Plot: Rachel (Linda Blair) has just learned that her aunt & uncle have been killed in a car accident, a sudden loss which has left her mother devastated. In the wake of the tragic event, Julia (Lee Purcell) was left an orphan and comes to live with Rachel’s family for a while. At first, Rachel is thrilled to have a new friend, but she senses something is off about her cousin. Her suspicions are intense, but only get even stronger when some odd things start to happen. Rachel’s always peaceful horse tries to attack Julia, her boyfriend loses interest and pursues Julia, and Rachel breaks out in hives, none of which would have seemed possible before Julia’s arrival. But everyone seems to love Julia and as such, no one seems interested in Rachel’s claims. Is Rachel just jealous of the new girl in town, or is there some kind of darker force at work?
Entertainment Value: This made for television movie boasts an impressive pedigree, with Linda Blair in the lead and Wes Craven in the director’s chair. Blair once again faces all kinds of problems from a dark supernatural presence, but at least this time, she isn’t the one possessed by the darkness. In this one, Blair plays a more sweet, spunky role that is fun to watch, especially as the strange events around her escalate. Her performance is good, though your appreciation for melodrama will dictate how good. I love melodrama, so I had fun when she went a little over the top, but I am not everyone will share that opinion. Also present are Lee Purcell as the charmed teen, Fran Drescher, Carol Lawrence, and Jeremy Slate, among others. The movie isn’t all that scary, but has some fun elements of witchcraft and the supernatural, to be sure. As this was made for tv audiences, it can’t do much in terms of blood, sleaze, or intense scares, but it still comes through with solid entertainment. Fans of witchcraft cinema, Blair, or Craven will likely want to check this one out.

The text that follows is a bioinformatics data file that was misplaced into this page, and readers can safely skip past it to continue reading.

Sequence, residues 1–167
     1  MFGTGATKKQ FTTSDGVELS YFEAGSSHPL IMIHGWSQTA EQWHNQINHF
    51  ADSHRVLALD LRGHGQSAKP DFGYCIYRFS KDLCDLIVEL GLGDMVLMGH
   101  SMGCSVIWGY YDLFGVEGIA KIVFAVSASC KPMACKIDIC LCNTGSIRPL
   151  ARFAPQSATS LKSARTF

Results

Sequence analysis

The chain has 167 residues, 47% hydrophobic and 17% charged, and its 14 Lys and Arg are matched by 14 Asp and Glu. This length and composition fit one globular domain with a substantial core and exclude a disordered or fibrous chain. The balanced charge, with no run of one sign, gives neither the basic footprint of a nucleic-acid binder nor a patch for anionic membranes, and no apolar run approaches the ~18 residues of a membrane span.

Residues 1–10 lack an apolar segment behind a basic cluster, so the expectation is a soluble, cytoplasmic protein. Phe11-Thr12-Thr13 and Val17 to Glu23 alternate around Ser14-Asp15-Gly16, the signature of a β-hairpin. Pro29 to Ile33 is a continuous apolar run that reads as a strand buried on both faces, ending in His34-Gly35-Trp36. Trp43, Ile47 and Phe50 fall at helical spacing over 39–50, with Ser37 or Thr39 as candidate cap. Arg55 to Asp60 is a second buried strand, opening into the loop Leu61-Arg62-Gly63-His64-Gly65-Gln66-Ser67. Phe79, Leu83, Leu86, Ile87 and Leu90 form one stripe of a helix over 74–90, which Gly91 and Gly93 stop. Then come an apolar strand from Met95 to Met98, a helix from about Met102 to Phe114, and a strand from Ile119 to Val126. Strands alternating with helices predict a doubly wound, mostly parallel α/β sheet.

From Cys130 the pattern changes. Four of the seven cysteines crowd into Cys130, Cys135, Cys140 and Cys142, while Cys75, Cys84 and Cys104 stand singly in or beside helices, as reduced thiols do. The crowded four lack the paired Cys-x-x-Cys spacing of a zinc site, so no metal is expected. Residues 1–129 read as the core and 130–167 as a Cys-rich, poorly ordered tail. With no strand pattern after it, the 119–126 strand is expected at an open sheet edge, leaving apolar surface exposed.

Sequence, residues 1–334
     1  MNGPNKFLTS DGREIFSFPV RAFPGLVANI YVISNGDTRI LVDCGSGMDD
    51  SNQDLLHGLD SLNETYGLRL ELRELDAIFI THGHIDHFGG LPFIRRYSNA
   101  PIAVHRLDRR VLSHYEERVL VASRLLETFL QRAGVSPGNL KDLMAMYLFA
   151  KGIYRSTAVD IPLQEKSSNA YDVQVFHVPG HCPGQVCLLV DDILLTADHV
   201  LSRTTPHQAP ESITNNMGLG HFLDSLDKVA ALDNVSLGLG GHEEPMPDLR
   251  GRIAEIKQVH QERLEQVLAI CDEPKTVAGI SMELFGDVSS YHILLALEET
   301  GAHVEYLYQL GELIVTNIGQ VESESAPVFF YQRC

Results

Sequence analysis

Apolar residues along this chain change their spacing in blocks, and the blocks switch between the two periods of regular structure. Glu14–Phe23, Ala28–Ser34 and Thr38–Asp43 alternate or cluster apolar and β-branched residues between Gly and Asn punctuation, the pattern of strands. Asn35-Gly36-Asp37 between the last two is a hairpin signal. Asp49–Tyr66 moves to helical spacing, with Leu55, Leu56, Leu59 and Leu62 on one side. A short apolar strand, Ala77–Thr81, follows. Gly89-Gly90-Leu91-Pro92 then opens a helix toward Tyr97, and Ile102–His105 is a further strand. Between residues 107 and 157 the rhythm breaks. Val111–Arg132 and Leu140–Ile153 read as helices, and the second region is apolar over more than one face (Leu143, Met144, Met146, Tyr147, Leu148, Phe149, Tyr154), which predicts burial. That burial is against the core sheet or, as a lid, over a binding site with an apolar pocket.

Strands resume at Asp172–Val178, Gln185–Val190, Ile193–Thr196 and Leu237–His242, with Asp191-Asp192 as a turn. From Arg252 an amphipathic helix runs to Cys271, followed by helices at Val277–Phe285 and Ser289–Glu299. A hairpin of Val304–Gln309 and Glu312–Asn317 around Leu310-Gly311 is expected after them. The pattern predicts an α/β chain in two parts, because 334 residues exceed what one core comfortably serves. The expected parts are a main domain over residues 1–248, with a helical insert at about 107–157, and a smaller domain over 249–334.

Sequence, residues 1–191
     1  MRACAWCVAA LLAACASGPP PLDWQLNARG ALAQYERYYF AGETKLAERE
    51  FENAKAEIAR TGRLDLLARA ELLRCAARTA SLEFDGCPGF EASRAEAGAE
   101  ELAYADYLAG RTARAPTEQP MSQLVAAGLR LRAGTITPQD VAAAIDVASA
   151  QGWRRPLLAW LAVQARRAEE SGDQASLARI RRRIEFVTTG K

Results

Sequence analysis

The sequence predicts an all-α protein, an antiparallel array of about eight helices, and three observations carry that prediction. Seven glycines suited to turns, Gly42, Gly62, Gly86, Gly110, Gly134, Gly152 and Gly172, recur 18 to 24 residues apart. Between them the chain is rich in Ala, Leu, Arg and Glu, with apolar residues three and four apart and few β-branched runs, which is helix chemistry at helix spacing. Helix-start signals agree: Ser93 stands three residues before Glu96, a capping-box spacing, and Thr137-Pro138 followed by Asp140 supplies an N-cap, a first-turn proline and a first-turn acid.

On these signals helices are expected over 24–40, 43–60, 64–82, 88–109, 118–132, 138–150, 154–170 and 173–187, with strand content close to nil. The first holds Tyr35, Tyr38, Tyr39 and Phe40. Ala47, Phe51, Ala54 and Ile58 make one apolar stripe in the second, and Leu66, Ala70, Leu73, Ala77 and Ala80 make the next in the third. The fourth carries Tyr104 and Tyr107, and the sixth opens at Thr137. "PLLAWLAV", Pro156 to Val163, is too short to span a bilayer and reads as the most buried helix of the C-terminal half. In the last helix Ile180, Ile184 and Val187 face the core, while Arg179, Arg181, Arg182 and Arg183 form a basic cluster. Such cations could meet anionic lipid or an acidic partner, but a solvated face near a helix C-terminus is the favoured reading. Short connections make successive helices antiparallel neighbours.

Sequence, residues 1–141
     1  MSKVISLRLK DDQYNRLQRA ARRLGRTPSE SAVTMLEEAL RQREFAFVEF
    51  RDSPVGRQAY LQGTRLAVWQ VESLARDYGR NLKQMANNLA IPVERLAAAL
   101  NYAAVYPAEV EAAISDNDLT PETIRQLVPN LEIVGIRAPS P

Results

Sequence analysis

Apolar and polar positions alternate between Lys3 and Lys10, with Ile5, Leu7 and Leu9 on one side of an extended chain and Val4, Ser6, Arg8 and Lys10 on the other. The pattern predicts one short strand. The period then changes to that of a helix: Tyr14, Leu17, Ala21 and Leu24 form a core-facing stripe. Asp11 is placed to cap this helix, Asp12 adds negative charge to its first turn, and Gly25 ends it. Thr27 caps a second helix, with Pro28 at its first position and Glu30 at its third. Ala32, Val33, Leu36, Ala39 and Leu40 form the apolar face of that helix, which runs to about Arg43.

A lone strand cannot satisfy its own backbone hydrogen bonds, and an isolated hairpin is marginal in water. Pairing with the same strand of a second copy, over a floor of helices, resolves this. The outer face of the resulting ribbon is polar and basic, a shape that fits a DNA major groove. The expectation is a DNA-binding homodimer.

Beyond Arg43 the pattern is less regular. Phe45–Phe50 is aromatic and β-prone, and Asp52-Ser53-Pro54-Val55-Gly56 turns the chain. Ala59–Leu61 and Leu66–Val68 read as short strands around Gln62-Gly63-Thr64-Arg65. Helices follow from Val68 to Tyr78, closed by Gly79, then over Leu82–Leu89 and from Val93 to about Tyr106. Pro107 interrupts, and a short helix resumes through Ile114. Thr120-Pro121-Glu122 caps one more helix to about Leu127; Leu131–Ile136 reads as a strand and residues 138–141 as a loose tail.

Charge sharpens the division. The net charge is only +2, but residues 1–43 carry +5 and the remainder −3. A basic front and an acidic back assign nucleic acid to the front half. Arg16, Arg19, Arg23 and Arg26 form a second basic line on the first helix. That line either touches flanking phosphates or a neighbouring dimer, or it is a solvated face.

No nakedness. This is a 70s made for tv movie, so gratuitous sleaze was never even a remote possibility in this one. No blood. Some hives, but otherwise the effects are limited to eerie eyes and some witchcraft paraphernalia. But given the nature of the production, you can’t be too critical of the lack of blood and violence, as television projects just weren’t allowed to explore those avenues. The dialogue is quirky, melodramatic, and a little silly at times, but mostly a good deal of fun. Blair is fun when she gets a little worked up, sometimes on the verge of a tantrum, it would seem. Her interactions with Lee Purcell can be a good time especially, as the tension between the characters is thick and leads to some wild exchanges. Not a wealth of big, quotable lines, but solid camp and consistent fun here. On the craziness end of things, we have all the witchcraft, a horse gone wild, and the strange trance the family is put into. Not an off the rails kind of movie, but some nice moments of wackiness.
Overall Insanity: 2/10